Imagine your system has just been compromised. You’re on your computer, surfing the web, like any other day, when all of a sudden the screen goes black. Then, a suspicious message pops up, demanding that you pay a fee in order to access your information.
You take a minute and think about everything you have on this device — your passwords, bank details, credit card numbers — and you realize that all those assets are now in the hands of someone else who could do with them what they want. So, with brief hesitation, you choose to pay the ransom.
Cybercrime is bad enough when it happens to individuals, but imagine the effect it has on a company. Think of the damage it does to organizations of all sizes. Then consider what it costs them — and how attacks leave them devastated and scrambling to recover.
What’s the Cost of Cybercrime?
Cybercrime costs much more than the financial expenses incurred by an attack. Because it involves the destruction of data and theft of intellectual property, cybercrime costs time and loss of productivity as well as embarrassment. But it also goes much deeper than that and can cost organizations damage to their performance and irreparable destruction to their brand’s reputation.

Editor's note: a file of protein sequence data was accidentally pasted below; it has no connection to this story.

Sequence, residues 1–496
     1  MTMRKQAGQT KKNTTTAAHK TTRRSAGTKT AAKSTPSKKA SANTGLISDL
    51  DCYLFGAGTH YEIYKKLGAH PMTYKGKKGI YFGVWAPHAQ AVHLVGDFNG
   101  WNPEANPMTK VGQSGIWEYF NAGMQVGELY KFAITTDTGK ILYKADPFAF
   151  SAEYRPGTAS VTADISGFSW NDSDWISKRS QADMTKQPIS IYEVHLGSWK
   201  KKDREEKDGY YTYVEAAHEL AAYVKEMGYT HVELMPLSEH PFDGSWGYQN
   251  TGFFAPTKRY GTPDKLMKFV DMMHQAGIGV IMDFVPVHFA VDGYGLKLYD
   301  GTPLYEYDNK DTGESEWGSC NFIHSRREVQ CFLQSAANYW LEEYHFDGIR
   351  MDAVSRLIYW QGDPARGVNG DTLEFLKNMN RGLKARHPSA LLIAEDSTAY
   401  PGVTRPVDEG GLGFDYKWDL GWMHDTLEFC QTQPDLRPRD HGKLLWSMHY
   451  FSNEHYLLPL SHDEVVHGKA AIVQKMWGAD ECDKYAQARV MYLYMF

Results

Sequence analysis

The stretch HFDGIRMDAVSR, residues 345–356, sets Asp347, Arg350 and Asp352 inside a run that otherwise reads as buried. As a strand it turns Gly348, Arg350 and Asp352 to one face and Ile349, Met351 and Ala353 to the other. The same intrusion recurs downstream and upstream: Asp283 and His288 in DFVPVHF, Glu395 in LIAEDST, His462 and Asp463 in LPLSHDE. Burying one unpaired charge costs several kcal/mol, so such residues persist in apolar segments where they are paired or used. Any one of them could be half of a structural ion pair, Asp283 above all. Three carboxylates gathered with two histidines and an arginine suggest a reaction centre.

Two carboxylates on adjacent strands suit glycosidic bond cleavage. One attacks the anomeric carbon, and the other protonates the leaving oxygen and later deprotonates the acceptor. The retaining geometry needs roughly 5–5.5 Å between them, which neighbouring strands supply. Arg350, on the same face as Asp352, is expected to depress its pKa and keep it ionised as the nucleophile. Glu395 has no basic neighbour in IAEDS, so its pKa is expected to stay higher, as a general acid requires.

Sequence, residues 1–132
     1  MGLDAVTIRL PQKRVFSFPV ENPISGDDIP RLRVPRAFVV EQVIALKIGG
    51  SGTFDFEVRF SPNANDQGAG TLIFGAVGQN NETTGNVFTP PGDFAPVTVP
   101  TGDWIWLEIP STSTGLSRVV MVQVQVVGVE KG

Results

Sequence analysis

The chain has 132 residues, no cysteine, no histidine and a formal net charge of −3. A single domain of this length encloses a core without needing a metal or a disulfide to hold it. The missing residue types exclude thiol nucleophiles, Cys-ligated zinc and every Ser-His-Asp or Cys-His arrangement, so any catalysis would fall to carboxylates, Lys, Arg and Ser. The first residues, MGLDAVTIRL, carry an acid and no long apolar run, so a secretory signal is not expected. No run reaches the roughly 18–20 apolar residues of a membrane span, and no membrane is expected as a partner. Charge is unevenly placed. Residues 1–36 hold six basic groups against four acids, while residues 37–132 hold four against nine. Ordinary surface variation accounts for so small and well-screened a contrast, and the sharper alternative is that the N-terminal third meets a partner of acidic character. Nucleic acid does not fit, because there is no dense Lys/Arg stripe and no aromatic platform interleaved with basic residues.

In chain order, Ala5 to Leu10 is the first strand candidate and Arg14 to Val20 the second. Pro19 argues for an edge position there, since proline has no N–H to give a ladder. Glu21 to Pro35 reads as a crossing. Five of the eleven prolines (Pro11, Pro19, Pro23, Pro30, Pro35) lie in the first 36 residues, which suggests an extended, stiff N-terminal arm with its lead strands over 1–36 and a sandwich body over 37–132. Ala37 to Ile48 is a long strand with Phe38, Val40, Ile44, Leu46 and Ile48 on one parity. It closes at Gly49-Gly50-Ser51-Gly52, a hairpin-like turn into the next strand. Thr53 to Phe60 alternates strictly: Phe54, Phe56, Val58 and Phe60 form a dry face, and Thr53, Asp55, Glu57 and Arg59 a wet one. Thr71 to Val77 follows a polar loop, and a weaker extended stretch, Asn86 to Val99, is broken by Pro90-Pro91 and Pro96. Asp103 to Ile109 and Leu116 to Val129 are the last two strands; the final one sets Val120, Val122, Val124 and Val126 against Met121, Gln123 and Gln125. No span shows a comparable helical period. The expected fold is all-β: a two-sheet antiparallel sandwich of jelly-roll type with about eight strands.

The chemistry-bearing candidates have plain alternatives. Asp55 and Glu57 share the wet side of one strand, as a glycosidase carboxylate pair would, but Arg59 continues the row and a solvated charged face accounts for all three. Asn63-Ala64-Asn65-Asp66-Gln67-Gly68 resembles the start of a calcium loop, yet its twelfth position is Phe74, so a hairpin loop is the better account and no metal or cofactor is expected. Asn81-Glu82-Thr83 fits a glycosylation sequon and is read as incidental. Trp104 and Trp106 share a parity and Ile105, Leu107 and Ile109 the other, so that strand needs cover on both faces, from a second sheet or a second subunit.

Below are some additional cyber crime statistics that offer a glimpse into the reality of cybersecurity — and show how companies and organizations of all sizes are affected by it.
Spending and Statistics
The COVID-19 pandemic has brought about a rise in cyber crime activities, with it currently being up by 600%. But, in addition to that, here are some more eye opening cybersecurity statistics.
- The average cost of a data breach is $3.86 million as of 2020. (IBM)
- 64% of companies have experienced web-based attacks. (Cybint)
- 68% of business leaders feel their cybersecurity risks are increasing. (Accenture)
- Data breaches exposed 36 billion records within the first 6 months of 2020. (RiskBased)
- 45% of breaches featured hacking, 17% involved malware and 22% involved phishing. (Verizon)
Why So Many Companies are Unprepared
According to the Hiscox Cyber Readiness Report, 7 out of 10 companies aren’t ready to handle an attack. One common reason is that many small and midsize companies think cybersecurity is not something they have to worry about. They erroneously subscribe to the belief that data breaches only hit large enterprises and Fortune 500 organizations, not realizing that they’re also potential targets.
Steps You Can Take to Stop Cybercrime
Cybercrime continues to be an ongoing concern for organizations of all sizes — and no one is immune from an attack. Below, we’ve listed a few things you can do to safeguard your organization and make it less desirable for hackers.
1. Strong Network Security
When hackers look at systems, they seek an easy way in. If yours seems too challenging to penetrate or not worth the effort, they’ll likely move on.
Having strong network security is your first line of defense against an attack. It’s essential for every organization, large and small. Especially when you consider the damage a cyber attack could inflict.